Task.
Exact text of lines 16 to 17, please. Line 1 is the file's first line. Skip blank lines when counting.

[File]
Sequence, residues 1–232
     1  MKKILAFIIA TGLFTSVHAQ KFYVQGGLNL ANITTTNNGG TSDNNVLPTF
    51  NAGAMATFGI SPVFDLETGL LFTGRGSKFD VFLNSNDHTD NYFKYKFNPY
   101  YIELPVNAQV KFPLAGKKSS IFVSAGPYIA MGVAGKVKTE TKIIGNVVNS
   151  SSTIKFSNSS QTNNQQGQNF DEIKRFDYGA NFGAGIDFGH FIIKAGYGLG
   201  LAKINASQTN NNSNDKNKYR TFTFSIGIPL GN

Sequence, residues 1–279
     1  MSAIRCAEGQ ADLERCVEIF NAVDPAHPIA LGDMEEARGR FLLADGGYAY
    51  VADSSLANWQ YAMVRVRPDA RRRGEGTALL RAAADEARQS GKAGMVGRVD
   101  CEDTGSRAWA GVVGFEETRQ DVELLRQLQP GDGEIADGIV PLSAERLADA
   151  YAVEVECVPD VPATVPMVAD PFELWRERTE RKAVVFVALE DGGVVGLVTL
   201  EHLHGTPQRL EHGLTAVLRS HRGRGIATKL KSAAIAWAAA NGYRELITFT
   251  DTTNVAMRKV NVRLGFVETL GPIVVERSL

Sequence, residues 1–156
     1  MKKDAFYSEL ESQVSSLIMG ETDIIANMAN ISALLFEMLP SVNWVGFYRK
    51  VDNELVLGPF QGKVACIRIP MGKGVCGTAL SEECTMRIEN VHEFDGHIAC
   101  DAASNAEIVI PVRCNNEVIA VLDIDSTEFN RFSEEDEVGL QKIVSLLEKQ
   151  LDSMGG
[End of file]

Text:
    51  VDNELVLGPF QGKVACIRIP MGKGVCGTAL SEECTMRIEN VHEFDGHIAC
   101  DAASNAEIVI PVRCNNEVIA VLDIDSTEFN RFSEEDEVGL QKIVSLLEKQ